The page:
There is one other book featuring Chin Kham, The Laughing Buddha Murders (1944), also classified as an impossible crime (if I recall correctly it was about disappearing jewels), but it's really not worth reading either. Just more of the same minus the torture scenes. Both books are very scarce and as such usually offered at high prices when they turn up for sale. To my great surprise I learned that both books are available in digital formats. UPDATE April 2018: Both eBooks have since been discontinued by their makers and are permanently removed from sale.

Sunday, December 2, 2012

JACKET REQUIRED: Frosty Wind Made Moan

After a few weeks of relatively balmy late fall weather the temperatures are finally plummeting, frigid wind is blowing off Lake Michigan and it's only December 2. We may not be in the bleak midwinter just yet but it sure feels like it in my neck of the woods. Fittingly, today I post a few mystery novel versions of the approaching season of ice and snow and high heating bills.

Click to enlarge each photo for better detail.

Saturday, December 1, 2012

The Enigma of the New McClure's Mystery Contest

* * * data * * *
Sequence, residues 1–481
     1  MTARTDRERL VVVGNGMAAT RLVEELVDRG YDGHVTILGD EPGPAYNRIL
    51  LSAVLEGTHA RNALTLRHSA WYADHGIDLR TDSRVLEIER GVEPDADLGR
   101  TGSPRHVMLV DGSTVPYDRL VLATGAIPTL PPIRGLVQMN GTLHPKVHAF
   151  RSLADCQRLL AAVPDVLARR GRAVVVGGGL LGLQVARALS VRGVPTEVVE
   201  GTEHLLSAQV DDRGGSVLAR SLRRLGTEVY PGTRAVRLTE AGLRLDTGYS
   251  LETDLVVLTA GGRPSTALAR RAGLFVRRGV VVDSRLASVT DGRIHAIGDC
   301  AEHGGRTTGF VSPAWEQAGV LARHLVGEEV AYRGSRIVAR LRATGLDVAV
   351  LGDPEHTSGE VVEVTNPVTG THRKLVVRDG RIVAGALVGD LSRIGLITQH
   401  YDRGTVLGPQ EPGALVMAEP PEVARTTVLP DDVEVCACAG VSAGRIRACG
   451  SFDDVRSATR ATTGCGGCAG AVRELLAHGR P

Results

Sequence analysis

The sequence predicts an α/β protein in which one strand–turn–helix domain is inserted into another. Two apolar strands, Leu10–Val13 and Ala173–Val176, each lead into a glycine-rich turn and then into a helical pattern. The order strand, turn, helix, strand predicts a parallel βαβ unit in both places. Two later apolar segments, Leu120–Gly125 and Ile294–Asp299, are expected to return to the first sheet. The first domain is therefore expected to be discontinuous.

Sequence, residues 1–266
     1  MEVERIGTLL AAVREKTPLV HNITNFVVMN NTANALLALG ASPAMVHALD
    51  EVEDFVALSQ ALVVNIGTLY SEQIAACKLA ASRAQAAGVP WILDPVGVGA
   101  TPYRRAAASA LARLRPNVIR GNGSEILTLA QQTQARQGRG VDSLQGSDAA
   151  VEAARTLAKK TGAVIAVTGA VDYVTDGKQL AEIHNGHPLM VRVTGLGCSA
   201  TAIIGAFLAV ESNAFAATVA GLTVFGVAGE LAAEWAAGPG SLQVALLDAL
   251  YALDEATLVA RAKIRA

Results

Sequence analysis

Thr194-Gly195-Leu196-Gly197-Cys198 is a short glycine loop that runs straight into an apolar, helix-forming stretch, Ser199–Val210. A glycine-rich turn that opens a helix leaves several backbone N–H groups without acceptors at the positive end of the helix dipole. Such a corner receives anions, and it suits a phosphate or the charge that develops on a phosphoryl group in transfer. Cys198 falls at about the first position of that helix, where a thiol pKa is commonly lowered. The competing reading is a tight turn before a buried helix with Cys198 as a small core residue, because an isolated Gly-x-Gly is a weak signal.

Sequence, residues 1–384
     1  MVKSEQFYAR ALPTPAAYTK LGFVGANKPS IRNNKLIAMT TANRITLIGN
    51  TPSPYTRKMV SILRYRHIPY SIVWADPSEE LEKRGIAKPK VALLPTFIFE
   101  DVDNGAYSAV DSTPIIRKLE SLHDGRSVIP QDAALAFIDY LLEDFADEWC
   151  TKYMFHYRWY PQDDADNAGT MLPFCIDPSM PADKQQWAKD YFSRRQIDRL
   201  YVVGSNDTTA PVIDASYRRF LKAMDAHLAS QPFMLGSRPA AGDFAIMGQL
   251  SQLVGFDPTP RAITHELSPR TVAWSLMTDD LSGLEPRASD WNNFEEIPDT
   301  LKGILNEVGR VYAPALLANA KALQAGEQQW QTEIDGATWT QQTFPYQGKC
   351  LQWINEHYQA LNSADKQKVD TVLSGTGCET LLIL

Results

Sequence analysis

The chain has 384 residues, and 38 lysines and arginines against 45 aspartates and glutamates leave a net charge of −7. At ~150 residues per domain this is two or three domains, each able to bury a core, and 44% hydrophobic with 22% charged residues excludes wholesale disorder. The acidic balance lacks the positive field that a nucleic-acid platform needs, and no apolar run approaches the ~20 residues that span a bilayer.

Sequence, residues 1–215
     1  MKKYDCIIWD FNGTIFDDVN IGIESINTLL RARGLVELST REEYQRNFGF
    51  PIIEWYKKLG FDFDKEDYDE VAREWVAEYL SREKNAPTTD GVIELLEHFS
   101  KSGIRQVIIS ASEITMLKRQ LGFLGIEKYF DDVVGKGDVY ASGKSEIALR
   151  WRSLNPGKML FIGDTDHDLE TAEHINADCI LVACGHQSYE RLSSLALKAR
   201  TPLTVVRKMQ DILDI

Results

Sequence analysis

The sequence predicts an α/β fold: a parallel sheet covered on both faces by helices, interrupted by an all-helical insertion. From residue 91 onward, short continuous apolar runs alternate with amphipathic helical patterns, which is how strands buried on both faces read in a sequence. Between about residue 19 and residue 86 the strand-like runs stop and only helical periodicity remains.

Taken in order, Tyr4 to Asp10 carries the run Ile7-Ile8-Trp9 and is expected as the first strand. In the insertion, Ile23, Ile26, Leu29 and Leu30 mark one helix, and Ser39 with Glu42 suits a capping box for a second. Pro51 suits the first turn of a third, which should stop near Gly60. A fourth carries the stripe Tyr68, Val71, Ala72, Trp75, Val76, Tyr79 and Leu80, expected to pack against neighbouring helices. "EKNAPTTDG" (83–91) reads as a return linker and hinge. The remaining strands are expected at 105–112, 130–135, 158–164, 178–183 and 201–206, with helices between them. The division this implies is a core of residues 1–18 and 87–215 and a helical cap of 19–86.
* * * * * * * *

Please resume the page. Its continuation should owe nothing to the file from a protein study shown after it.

Yesterday, I wrote a review about Murder Yet To Come.  I mentioned in passing that the novel won a whopping $7500 prize in a mystery writing contest. If you have a copy of the CAPT 1995 reprint you will find this as part of their introduction to the book:

This will lead you to believe that Ellery Queen was beaten by Myers. Not true. Both writers won the contest - but only Myers won the $7500. Here's the lowdown.

New McClure's Magazine, the original sponsor, of the contest was a reformed, restructured version of the venerable McClure's magazine. Exactly why New McClure's thought they could sponsor an astonishing $7500 writing contest prize baffles me. The magazine was in dire financial straits after its reorganization from the old McClure's. The tail end of the disaster is described in this paragraph taken from a fascinating article I found about the demise of McClure's.
McClure's was never the same after the insurgent staff departed to continue their journalistic crusade elsewhere. To satisfy the terms of the purchase agreement negotiated by Phillips, McClure was forced to place his stock under the control of a board of trustees to whom he was held accountable. The cost of the new Long Island publishing facility, originally estimated at $105,000, increased three-fold, while McClure's Book Company, a subsidiary of the magazine, went heavily into debt. With the arrival of a depression in 1907, McClure's advertising revenues plummeted as manufacturers tightened their belts. From 1906 onward, the magazine never again declared stock dividends. $800,000 in debt, McClure was continuously at the mercy of a string of creditors, to whom the periodical was finally surrendered in the autumn of 1911. Under the management of financiers unsympathetic to muckraking, the magazine's journalistic crusades were squelched. In reality, however, McClure's was the victim of idealistic "explosions" begun more than five years earlier, when the high moral standards of a staff bent upon reforming society were shattered by the man who had created the medium for their expression.